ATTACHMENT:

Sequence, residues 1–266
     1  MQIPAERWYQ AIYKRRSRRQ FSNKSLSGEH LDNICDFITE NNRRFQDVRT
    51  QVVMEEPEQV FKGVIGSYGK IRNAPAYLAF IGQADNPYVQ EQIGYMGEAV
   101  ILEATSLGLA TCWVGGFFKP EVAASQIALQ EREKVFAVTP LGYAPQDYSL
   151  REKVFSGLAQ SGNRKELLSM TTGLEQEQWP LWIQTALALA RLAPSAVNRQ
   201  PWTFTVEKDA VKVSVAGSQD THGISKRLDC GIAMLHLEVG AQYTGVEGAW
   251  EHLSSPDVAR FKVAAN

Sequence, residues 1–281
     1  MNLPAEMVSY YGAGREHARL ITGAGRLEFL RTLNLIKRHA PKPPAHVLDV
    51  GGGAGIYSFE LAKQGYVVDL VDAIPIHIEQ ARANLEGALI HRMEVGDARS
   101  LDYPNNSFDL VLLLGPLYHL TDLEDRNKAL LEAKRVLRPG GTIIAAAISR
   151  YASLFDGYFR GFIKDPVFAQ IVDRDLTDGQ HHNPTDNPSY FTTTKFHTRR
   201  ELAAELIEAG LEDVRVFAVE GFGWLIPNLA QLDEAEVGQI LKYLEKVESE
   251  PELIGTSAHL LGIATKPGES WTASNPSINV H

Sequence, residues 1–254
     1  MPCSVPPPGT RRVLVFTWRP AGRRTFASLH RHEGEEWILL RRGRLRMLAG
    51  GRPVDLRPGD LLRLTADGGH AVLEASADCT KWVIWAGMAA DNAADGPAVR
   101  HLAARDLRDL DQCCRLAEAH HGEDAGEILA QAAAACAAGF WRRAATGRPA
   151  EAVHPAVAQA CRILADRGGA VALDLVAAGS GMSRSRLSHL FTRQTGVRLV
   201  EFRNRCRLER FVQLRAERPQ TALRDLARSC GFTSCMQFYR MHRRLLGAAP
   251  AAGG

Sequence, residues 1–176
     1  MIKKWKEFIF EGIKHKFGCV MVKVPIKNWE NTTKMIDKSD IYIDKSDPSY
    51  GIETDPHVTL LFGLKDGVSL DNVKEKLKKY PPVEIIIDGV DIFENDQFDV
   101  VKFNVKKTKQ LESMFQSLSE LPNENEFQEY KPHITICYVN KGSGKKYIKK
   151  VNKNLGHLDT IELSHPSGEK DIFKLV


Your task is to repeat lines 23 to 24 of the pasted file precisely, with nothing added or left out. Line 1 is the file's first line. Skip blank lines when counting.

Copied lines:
     1  MIKKWKEFIF EGIKHKFGCV MVKVPIKNWE NTTKMIDKSD IYIDKSDPSY
    51  GIETDPHVTL LFGLKDGVSL DNVKEKLKKY PPVEIIIDGV DIFENDQFDV